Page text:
The FinCEN Advisory provided potential financial red flag indicators of ransomware-related illicit activity. Some of these red flags include: (1) malicious cyber activity evident in system log files, network traffic, or file information, (2) when opening a new account or during other interactions with the financial institution, a customer provides information that a payment is in response to a ransomware incident, (3) a customer’s Convertible Virtual Currency (“CVC”) address appears on open sources, or commercial or government analyses have linked those addresses to ransomware strains, payments or related activity, (4) a transaction occurs between an organization from a high risk sector and digital forensics and incident response (“DFIR”) companies and cyber insurance companies (“CICs”), and (5) a customer initiates multiple rapid trades between multiple CVCs, with no apparent related purpose.
A non-US person may also be exposed to the US sanctions regime through facilitation of a ransom payment or a ransomware payment or event, meaning if a non-US person causes a US person to violate the sanctions regime, for example by involving a US employee with an SDN-related dealing or wire a USD payment (which usually clear through US banks), that non-US person could be liable for a sanctions violation. A shipping business considering a ransom payment should thus review its US connections: does the business use US Dollars? Are US citizens on its management team? Are any offices/branches located in the US?
In addition to the primary sanctions discussed above, secondary sanctions also apply to non-US persons even without a US nexus. These sanctions focus on economic sectors of the sanctioned country – for example, the shipping sector or the oil and gas sector. In June 2020, the US State Department sanctioned the Iranian shipping line IRISL; anyone doing business with IRISL risks sanctions which could include restrictions accessing the US financial system or the US market. A shipowner should closely verify prospective charterers are not sanctioned to avoid the risk of secondary sanctions, in connection with ransom payments or otherwise.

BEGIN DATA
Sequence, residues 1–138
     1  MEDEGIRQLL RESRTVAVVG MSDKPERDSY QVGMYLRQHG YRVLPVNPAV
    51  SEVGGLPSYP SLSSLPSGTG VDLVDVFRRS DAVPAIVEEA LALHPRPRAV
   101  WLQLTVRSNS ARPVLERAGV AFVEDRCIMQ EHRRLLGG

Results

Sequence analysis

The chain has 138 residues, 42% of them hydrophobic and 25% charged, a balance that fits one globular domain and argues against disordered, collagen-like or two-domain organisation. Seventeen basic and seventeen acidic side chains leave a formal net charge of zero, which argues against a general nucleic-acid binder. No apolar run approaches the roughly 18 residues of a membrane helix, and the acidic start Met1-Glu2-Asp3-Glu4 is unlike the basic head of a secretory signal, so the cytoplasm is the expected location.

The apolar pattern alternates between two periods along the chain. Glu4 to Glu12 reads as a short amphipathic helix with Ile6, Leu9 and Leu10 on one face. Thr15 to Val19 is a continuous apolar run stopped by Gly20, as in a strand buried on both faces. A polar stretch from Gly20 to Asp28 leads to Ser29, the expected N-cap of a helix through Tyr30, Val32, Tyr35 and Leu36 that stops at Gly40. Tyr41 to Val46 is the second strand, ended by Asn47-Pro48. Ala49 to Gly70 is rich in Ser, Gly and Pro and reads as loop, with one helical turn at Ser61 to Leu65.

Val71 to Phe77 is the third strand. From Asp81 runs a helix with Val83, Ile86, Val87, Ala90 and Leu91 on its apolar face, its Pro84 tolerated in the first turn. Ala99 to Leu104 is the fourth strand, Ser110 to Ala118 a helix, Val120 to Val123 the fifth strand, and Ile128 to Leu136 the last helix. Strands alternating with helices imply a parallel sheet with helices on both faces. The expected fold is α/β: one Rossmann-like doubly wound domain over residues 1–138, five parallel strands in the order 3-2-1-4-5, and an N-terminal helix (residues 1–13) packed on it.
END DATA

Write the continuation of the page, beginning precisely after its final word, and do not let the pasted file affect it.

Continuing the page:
For up to date sanctions developments, please visit our Sanctions Hub.
A shipping company caught in a cyber-attack may find itself in the unenviable position of either facing the consequences of violating the law and/or sanctions regulations should they pay the ransom or suffering the consequences of not complying with the perpetrator’s demands. This may result in systems continuing to be inaccessible, their destruction and/or the public dissemination of sensitive information involving clients, employees, commercial partners, with the collateral risk of litigation from the aggrieved parties. The risk is high. More than $50 million worth of cryptocurrency that victims paid out to ransomware addresses in 2020 have been identified as carrying sanctions risk, nearly all of which was composed of payments to two ransomware strains, Doppelpaymer and WastedLocker5.
Nevertheless, shipping companies should be aware of the severe penalties that could ensue from breaching sanctions regulations in order to protect their commercial interests. The fall out could be significant as illustrated by the following examples of enforcement actions taken by the US Department of the Treasury.
On 15 March 2021, OFAC announced a settlement of USD 216,464 with UniControl, Inc.6 for its role in exporting 21 shipments of its goods (boiler controls and other instrumentation) from the United States to two European companies with knowledge or reason to know that the goods were intended specifically for supply, transshipment, or reexportation to Iran. UniControl failed to take appropriate steps in response to multiple warning signs it encountered when engaging in business with its European trade partners.
On 18 February 2021, OFAC entered into settlement with BitPay, Inc7 for the sum of USD 507,375 based upon its alleged processing of USD 129,000 worth of digital payment transactions “on behalf of individuals who, based on IP addresses and information available in invoices, were located in sanctioned jurisdictions”
These examples highlight the importance of conducting robust due diligence to avoid sanctions violations prior to any decision being made regarding ransom payments.
Ransomware is becoming increasingly sophisticated. Attacks are likely to continue rising in the maritime sector aided by greater vulnerability following the move toward remote working triggered by the pandemic. The legal and regulatory landscape will continue to evolve as will the list of international sanctions. However, those engaged in the maritime industry must remain vigilant. We cannot discount the possibility that ransomware attacks could be undertaken in parallel with other malicious activities such as hacks of port logistics systems for the purpose of stealing valuable cargo for transportation to a destination of choice. Hackers could deploy measures in tandem to interfere with a vessel or port equipment leading to physical damage, i.e. remotely shutting off pumps or cooling systems. At the more extreme end of the scale, the development of autonomous vessels opens up the possibility of remote access to a vessel’s controls that could see it hijacked, involved in a collision or even used as a weapon. It will be essential for maritime industry players to keep abreast of developments and potential new risks.